Jeremy Martin was quoted in the article titled “Telus Class Action Case Heads to the SCC,” published by Law Times.
Writes Shannon Kari: “The application of a key provision in the provincial Arbitration Act when there are class actions involving two different types of potential claimants will be before the Supreme Court of Canada this fall. Leave was granted to Telus from an Ontario Court of Appeal decision last year that declined to issue a partial stay related to business customers in a $520-million class action filed over the rounding up of wireless calls to the next minute for billing purposes, allegedly without disclosing the practice. The appeal in Wellman v. Telus Communications Company, which has attracted a number of consumer and business organizations seeking leave to intervene, will also likely examine whether a Court of Appeal decision in 2010 on similar issues is still good law.”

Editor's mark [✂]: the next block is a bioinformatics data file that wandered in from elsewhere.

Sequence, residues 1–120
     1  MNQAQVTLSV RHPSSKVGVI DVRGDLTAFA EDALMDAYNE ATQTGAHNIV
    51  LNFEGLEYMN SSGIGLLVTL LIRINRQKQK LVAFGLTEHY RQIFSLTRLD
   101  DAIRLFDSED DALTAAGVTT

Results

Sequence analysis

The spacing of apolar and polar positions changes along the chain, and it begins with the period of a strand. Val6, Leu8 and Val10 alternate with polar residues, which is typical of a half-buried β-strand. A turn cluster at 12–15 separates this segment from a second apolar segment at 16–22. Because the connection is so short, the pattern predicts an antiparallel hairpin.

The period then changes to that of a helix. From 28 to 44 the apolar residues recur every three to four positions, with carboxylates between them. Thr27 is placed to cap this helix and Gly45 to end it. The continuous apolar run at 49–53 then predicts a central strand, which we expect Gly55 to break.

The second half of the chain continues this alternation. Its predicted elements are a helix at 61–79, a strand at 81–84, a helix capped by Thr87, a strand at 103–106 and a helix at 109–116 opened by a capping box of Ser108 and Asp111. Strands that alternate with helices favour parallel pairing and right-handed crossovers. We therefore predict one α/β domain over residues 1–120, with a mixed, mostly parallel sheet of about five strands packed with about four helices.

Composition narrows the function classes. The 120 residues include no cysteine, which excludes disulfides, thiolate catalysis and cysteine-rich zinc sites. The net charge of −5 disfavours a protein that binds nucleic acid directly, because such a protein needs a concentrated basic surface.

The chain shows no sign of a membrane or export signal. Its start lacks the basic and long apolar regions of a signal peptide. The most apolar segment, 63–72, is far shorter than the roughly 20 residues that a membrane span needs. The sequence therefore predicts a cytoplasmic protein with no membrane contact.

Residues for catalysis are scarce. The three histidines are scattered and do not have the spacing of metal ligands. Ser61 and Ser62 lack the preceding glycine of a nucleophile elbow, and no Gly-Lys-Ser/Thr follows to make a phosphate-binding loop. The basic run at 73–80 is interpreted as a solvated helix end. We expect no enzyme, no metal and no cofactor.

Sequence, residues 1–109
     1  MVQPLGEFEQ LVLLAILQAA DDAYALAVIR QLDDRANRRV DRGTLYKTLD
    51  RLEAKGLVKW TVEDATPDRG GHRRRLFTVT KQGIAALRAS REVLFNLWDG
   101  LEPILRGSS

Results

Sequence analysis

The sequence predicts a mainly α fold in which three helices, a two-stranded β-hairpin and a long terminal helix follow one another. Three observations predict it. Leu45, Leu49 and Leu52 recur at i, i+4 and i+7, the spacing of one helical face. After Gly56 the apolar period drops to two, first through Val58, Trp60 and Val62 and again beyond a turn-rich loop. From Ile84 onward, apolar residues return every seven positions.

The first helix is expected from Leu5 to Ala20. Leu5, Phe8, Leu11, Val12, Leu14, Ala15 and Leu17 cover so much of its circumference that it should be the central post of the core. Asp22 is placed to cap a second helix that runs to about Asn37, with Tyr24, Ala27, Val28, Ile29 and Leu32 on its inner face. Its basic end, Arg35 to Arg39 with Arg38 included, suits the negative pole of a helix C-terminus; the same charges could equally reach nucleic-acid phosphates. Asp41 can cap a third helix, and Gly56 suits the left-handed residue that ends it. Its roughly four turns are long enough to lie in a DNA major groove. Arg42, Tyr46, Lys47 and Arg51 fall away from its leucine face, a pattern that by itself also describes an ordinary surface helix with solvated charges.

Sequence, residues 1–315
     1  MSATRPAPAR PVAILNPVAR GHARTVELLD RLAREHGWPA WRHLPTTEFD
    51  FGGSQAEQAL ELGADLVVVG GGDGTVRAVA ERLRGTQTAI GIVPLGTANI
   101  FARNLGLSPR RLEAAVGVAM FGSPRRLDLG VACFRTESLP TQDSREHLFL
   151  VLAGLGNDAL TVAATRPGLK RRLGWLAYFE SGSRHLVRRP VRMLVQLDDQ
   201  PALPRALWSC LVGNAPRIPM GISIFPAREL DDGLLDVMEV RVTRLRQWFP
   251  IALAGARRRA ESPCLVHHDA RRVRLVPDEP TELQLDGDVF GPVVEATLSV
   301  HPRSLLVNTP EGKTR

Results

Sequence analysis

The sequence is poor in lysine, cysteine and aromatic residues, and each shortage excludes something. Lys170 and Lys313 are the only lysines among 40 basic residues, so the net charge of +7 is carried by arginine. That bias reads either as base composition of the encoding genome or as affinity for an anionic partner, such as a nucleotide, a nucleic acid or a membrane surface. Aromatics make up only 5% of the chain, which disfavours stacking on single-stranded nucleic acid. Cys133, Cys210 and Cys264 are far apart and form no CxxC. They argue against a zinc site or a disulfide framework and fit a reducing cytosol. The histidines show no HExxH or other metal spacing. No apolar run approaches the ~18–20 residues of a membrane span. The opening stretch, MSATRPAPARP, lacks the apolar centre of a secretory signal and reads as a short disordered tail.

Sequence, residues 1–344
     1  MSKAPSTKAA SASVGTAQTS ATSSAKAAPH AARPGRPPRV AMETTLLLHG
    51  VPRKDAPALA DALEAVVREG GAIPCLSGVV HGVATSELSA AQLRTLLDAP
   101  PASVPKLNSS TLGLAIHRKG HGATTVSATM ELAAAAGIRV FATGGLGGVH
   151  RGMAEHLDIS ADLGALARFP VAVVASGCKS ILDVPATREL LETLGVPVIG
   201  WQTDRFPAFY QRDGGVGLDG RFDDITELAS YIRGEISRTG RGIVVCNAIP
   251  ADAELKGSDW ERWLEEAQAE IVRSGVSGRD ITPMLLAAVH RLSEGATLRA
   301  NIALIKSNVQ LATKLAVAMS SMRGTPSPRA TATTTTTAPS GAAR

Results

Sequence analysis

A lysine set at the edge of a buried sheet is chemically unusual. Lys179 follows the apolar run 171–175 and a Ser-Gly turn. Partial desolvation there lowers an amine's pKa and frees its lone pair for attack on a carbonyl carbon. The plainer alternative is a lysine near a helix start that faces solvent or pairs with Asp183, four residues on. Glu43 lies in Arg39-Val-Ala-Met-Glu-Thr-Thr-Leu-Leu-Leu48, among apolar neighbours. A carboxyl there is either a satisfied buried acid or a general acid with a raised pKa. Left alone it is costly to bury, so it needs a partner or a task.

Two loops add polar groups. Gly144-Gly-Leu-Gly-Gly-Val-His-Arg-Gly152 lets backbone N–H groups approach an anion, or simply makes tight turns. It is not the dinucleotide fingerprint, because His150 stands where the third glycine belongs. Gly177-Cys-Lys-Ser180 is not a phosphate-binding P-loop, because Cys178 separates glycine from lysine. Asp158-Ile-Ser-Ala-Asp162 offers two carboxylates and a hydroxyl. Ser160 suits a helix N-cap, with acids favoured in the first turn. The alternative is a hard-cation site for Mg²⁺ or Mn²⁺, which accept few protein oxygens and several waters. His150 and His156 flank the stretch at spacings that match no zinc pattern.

Jeremy suggests that if the Court of Appeal decision is upheld, it would expand the ability to bring a class action beyond what was originally intended. “Class actions tend to be procedural only. They are to advance claims that could not otherwise be brought. The relevant section of the Arbitration Act permits a court ‘to separate issues’ within an agreement and not the entire agreement itself. The question of whether you can get business claims through the back door is about inflating the total damages.”